Preventative Measures

Policies

Reduce risk of transmitting of COVID-19

While COVID-19 can be a very dangerous disease that is easily spread, there are a few simple principles that can help keep everyone healthy. They include washing your hands, covering your mouth/nose and not standing too close to others.

Wash your hands and minimize contact with surfaces

Regularly and vigorously wash your hands with soap and water for at least 20 seconds.

Between hand washings, use hand sanitizer. Hand sanitizer stations have been placed across campus. You may also want to consider carrying a personal-size bottle of hand sanitizer, so you have one with you at all times.

Avoid touching surfaces. Throughout our day, we touch door handles, handrails, elevator buttons and many surfaces others have touched. While custodial staff is taking additional actions to keep those surfaces clean, it is not possible to do this between every person. Germs left on a surface can be picked up by the next person to encounter it, who may then become infected when they touch their mouth, nose or eyes.

Avoid using your hands. While it is natural to push a door open with your hands, consider using an arm, shoulder or foot to avoid touching the surfaces with your hands. Consider using an elbow to push an elevator button rather than your hand.

Cover your mouth/nose

Cover your mouth and nose. This is normally done by wearing a mask or cloth face covering to prevent the spread of germs. It also includes covering your cough or sneeze when you are without a face covering.

Don’t stand too close

Keep at least 6 feet of physical distance between you and others. This is generally called social distancing.

We have all felt uncomfortable when someone stands too close and is in our personal space. With COVID-19, our personal space has been extended to 6 feet because the virus generally spreads through droplets caused by someone coughing, sneezing or even talking.

Avoid shaking hands. Shaking hands has long been the standardized way of greeting others. However, it can risk the health of each person, so a friendly smile and a wave helps keep everyone healthier.

If you are unable to keep your distance, wearing a face covering becomes increasingly important, along with minimizing the amount of time you are closer than 6 feet.

Using these three principles will not only help you, but they will also help those at high-risk of developing serious complications from COVID-19.

Masks are required on campus

Masks are required to be worn in all buildings on campus, including hallways, elevators, stairwells, restrooms and department offices, and other common areas. Employees are not required to wear masks in their own, private offices within their departmental suites. Additionally, exceptions may be granted by the Dean of Academic Affairs for particular classes or academic activities for which masking is impracticable or contraindicated, provided that reasonable alternative mitigation strategies are implemented.

Furthermore, while masks are required to be worn in all buildings on campus, they are not required in the following circumstances:

  • While eating in a dining hall (including Hass-Darr student union, Kellett parlor, Lybyer lower level lobby;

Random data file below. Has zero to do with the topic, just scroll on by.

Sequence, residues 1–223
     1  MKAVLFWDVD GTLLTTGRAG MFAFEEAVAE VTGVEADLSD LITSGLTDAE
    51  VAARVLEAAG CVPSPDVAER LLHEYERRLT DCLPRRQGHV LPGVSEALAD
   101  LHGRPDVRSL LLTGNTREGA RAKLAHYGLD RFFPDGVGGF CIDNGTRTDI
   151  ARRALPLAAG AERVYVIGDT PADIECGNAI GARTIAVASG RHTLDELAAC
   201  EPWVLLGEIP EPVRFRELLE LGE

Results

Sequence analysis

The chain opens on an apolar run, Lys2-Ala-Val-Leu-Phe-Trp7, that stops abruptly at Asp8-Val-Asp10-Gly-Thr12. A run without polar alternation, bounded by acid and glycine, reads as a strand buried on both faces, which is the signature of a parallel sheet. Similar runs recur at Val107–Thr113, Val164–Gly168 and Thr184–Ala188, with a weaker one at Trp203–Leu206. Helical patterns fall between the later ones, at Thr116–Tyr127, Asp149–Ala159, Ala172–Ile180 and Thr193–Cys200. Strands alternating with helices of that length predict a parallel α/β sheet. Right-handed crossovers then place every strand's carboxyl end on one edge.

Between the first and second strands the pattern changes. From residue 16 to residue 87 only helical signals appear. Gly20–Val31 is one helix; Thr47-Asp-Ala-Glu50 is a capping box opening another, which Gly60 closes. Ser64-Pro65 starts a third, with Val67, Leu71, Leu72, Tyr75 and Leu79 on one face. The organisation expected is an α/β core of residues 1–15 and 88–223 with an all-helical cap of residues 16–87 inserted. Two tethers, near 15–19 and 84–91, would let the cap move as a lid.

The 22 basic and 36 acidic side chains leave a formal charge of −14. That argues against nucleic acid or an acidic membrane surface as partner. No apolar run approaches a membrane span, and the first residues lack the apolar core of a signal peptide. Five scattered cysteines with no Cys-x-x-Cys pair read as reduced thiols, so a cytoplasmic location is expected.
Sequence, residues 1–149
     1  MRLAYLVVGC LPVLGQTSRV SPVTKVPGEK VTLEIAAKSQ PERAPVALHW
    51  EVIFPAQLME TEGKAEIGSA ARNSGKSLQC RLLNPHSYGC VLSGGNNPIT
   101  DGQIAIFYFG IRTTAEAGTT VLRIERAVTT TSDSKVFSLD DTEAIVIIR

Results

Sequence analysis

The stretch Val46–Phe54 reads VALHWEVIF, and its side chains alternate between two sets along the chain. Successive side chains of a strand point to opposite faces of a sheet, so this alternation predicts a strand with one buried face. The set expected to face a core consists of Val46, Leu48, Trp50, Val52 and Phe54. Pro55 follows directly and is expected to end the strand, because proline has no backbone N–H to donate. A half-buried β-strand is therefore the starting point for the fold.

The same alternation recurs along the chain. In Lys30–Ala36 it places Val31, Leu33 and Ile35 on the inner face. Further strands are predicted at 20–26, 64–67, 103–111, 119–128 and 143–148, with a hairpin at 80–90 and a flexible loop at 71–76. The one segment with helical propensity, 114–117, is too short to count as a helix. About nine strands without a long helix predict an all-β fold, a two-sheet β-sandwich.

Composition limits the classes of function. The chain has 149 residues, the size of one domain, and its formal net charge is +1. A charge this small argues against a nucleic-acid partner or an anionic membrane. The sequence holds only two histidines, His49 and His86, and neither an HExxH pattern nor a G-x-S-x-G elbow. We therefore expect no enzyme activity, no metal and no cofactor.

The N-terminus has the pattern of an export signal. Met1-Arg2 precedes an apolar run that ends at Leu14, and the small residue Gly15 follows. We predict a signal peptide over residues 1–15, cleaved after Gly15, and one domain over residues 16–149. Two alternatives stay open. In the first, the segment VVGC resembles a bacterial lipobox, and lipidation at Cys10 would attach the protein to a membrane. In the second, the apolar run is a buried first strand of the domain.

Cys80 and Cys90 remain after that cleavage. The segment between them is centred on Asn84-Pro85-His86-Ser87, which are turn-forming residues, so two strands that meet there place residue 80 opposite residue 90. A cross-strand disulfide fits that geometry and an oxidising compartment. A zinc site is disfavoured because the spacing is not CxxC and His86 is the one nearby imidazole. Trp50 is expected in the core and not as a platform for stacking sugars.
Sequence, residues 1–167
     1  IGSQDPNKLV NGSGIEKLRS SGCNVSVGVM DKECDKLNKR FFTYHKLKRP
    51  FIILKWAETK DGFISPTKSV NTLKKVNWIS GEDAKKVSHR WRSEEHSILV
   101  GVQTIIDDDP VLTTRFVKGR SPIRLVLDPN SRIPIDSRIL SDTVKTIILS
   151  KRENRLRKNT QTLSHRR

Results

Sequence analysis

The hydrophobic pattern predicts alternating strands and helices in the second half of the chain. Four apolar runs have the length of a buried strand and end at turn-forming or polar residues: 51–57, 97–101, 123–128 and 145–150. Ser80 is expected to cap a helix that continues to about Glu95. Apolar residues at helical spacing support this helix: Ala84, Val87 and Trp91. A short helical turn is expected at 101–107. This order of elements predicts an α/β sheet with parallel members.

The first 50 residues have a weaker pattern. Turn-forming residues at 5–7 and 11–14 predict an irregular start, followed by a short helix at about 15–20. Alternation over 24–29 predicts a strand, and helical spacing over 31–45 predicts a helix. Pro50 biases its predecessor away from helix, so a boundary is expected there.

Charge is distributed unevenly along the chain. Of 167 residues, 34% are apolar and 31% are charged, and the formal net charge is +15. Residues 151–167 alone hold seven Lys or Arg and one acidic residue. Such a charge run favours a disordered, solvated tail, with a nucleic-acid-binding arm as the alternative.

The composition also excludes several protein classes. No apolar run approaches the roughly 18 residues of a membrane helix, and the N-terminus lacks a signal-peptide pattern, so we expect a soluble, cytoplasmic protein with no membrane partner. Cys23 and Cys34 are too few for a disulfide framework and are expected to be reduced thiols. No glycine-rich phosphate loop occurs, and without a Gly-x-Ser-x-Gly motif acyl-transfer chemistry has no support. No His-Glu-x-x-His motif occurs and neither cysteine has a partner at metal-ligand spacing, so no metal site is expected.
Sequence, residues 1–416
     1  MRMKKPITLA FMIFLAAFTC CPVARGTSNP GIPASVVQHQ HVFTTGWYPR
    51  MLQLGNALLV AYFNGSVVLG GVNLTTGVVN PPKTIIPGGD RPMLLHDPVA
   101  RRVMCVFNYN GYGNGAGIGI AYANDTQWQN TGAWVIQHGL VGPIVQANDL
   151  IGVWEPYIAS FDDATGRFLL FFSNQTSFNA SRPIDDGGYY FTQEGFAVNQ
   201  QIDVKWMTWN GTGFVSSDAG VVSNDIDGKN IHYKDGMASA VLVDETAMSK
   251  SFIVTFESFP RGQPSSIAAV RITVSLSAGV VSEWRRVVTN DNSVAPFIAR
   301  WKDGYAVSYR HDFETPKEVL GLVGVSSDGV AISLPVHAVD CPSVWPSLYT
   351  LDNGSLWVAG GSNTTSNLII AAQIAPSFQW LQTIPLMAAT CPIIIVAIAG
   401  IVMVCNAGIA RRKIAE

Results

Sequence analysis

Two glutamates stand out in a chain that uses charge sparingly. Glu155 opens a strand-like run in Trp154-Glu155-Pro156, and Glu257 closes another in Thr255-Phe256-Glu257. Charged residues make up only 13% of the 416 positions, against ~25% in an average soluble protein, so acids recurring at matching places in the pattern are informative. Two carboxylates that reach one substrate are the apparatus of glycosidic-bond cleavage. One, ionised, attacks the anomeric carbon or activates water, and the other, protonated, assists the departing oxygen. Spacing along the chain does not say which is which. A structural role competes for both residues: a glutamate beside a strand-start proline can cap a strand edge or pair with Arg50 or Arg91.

• While inside residential rooms within the residence halls; or
  • While exercising at indoor campus exercise facilities, including the Student Recreation Center or West Plains Civic Center Pool and Fitness Center.

Details about mask requirements on campus can be found in the university’s masking policy.

Requesting an accommodation

If an individual cannot wear a mask due to an underlying disability, they may initiate the university’s interactive accommodations process to request a "reasonable accommodation."

Students who wish to request an accommodation may contact the disability support officer, located in the Lybyer Technology Center, Room 210, and available at PTate@MissouriState.edu, 417-255-8062 or TTY 417-255-7715.

Employees who wish to request an accommodation may contact the deputy compliance officer, located in Carrington Hall, Suite 205, and available at JuliaHolmes@MissouriState.edu; 417-836-6755; or Relay Missouri at 711 or 800-676-3777.

Symptom monitoring and self-assessment

According to the Centers for Disease Control and Prevention, reported illnesses have ranged from mild symptoms to severe flu-like illness and death for confirmed COVID-19 cases.

The most important way to prevent others from getting sick is to monitor yourself for symptoms and stay home or in your room if you have any unexplained symptoms.

The university strongly encourages every student and employee to take a few moments each morning before leaving your room or home to ask yourself if you have or are experiencing:

  • A fever (temperature over 100.4⁰F) without the use of fever-reducing medications?
  • Cough?
  • Fatigue?
  • New loss of smell or taste?
  • Muscle or body aches?
  • Sore throat?
  • Shortness of breath or difficulty breathing?
  • Chills?
  • Headache?
  • Congestion or runny nose?
  • Nausea, vomiting or diarrhea?

Additionally:

  • Have you, or anyone you have been in close contact with, been diagnosed with COVID-19?
  • Have you been asked to isolate or quarantine by a health care provider or a local public health official?

What to do if you have COVID-19 symptoms

If you answered yes to any of the above questions:

  • You can find information about symptoms of COVID-19 on the CDC webpage.
  • If you have unexplained COVID-19 symptoms:
    • Stay home or in your residence hall room.
    • Do not go to class, events, work or elsewhere.
  • If it is an emergency, call 9-1-1.
  • If it is not an emergency, but you need to seek medical attention contact:
    • Your primary health care provider OR
    • Students contact Ozarks Medical Center Urgent Care at 417-257-5972. University has contracted for students’ office visits.
    • Faculty and staff contact Burton Creek Rural Clinic at 417-256-6111. University has contracted with clinic to provide testing.